In Israel, tension overshadowed the first Friday prayers for Ramadan, the Muslim holy month of fasting. As Robert Berger reports from VOA's Jerusalem bureau, the focal point of the latest tensions was the Al Aksa Mosque.
Hundreds of Israeli police and soldiers patrolled the narrow alleyways of Jerusalem's Old City, as Palestinians gathered for Ramadan prayers at the Al Aksa Mosque, a site that Jews call the Temple Mount because two biblical Temples were located there. As the holiest place in Judaism and third holiest in Islam, it is frequently a flashpoint in the Israeli-Palestinian conflict.
Fearing Palestinian unrest, all Muslim men under the age of 45, and women under 35, were barred from entering the compound.
Israeli troops also deployed at two major West Bank checkpoints, near Palestinian-ruled Bethlehem in the south and Ramallah in the north. Hundreds of Palestinians gathered there hoping to get to the mosque in Jerusalem.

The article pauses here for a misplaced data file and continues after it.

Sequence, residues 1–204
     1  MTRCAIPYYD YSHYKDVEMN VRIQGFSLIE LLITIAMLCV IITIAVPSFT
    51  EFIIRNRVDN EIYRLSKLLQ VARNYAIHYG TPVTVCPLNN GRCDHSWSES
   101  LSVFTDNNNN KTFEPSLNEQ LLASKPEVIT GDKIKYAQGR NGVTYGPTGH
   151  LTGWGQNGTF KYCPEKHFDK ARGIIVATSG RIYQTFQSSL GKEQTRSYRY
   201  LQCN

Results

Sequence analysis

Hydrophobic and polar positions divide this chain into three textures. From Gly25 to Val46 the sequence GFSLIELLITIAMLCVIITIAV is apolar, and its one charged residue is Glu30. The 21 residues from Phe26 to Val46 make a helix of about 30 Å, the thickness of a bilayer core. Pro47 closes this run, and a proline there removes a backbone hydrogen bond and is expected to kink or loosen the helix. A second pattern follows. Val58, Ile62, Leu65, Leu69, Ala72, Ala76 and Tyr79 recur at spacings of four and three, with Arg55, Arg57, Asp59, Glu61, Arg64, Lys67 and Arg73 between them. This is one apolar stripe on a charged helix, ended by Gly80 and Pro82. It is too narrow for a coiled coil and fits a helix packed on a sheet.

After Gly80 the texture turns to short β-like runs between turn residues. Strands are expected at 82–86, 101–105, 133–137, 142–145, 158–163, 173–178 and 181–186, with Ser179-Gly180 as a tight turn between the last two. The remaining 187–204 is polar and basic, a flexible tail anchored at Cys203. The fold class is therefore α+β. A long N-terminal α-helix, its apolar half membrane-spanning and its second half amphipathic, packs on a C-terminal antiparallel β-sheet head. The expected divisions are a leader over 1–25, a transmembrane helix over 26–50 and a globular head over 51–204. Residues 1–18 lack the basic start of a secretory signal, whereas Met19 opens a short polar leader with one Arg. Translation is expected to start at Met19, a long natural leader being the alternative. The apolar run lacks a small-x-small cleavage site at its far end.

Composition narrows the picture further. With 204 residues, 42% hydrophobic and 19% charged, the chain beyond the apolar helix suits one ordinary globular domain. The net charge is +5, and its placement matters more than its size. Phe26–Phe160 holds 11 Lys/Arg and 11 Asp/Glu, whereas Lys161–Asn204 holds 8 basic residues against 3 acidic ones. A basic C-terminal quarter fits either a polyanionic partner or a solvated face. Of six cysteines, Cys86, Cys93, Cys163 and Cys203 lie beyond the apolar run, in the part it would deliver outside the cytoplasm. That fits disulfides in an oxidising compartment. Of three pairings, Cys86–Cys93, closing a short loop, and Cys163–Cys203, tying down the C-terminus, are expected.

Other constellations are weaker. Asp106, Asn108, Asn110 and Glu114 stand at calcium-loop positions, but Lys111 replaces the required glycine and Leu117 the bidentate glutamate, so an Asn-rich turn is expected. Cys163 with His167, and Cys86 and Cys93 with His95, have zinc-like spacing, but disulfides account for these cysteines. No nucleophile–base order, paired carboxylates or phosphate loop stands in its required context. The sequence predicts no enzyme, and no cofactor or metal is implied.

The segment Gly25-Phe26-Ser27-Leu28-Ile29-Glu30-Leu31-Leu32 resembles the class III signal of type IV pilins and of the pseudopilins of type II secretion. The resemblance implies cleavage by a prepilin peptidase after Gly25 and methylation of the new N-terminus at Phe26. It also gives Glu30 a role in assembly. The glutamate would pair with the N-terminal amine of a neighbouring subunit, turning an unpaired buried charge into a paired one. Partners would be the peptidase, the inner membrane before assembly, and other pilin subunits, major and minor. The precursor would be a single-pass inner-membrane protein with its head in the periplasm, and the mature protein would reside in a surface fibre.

Scuffles broke out when most were turned back by soldiers.
One of the Palestinians, Mustafa Habib, told VOA that Israel is violating freedom of worship.
"We want the Israelis, you know, to ease the situation, relax the measures and the restrictions against our people, give us a break," he said.
Israel says the restrictions are necessary to stop suicide bombers from entering the country and prevent Palestinian riots at the Al Aksa Mosque.
In the end, about 40,000 Palestinians entered the Mosque of Al Aksa, a quarter of the usual number for Friday prayers during Ramadan. The prayers passed quietly.